Secondary evaluations of MTA 36-month outcomes: propensity score and growth mixture model analyses.

Published

Journal Article

OBJECTIVE: To evaluate two hypotheses: that self-selection bias contributed to lack of medication advantage at the 36-month assessment of the Multimodal Treatment Study of Children With ADHD (MTA) and that overall improvement over time obscured treatment effects in subgroups with different outcome trajectories. METHOD: Propensity score analyses, using baseline characteristics and severity of attention-deficit/hyperactivity disorder symptoms at follow-up, established five subgroups (quintiles) based on tendency to take medication at the 36-month assessment. Growth mixture model (GMM) analyses were performed to identify subgroups (classes) with different patterns of outcome over time. RESULTS: All five propensity subgroups showed initial advantage of medication that disappeared by the 36-month assessment. GMM analyses identified heterogeneity of trajectories over time and three classes: class 1 (34% of the MTA sample) with initial small improvement followed by gradual improvement that produced significant medication effects; class 2 (52%) with initial large improvement maintained for 3 years and overrepresentation of cases treated with the MTA Medication Algorithm; and class 3 (14%) with initial large improvement followed by deterioration. CONCLUSIONS: We failed to confirm the self-selection hypothesis. We found suggestive evidence of residual but not current benefits of assigned medication in class 2 and small current benefits of actual treatment with medication in class 1.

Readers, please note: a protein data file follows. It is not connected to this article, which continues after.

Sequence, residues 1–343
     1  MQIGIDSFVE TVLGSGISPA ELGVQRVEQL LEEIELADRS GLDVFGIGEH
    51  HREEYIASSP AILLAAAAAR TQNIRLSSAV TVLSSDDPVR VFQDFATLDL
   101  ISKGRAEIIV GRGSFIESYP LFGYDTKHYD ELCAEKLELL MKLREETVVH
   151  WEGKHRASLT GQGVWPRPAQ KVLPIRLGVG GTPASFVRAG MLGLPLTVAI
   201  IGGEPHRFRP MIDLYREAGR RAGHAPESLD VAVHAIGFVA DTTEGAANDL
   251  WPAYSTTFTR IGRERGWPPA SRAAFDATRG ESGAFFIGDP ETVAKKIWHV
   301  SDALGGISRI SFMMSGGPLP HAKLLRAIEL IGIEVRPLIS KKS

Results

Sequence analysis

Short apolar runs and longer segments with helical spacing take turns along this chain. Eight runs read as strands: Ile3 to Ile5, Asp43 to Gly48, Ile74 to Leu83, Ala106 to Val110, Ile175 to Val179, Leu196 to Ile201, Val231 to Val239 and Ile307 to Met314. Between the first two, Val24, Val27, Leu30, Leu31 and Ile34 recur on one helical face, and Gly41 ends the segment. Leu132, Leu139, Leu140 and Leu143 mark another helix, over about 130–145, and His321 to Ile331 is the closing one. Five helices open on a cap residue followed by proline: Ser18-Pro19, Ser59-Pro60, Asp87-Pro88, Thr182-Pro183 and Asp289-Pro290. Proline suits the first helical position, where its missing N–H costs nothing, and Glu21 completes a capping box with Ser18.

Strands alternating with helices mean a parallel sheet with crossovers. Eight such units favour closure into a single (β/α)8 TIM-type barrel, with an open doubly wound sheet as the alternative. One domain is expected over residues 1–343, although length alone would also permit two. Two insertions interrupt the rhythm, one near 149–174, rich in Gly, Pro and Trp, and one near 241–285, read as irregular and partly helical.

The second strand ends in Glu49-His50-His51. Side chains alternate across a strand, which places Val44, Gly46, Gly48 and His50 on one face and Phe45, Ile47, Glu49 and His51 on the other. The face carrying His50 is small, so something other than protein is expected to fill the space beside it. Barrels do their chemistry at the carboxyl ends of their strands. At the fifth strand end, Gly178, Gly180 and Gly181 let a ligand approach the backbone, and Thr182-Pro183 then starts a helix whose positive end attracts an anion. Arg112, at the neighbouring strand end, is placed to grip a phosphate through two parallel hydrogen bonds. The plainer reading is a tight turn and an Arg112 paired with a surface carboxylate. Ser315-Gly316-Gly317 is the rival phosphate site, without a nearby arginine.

Full Text

Duke Authors

Cited Authors

  • Swanson, JM; Hinshaw, SP; Arnold, LE; Gibbons, RD; Marcus, S; Hur, K; Jensen, PS; Vitiello, B; Abikoff, HB; Greenhill, LL; Hechtman, L; Pelham, WE; Wells, KC; Conners, CK; March, JS; Elliott, GR; Epstein, JN; Hoagwood, K; Hoza, B; Molina, BSG; Newcorn, JH; Severe, JB; Wigal, T

Published Date

  • August 2007

Published In

Volume / Issue

  • 46 / 8

Start / End Page

  • 1003 - 1014

PubMed ID

  • 17667479

Pubmed Central ID

  • 17667479

International Standard Serial Number (ISSN)

  • 0890-8567

Digital Object Identifier (DOI)

  • 10.1097/CHI.0b013e3180686d63

Language

  • eng

Conference Location

  • United States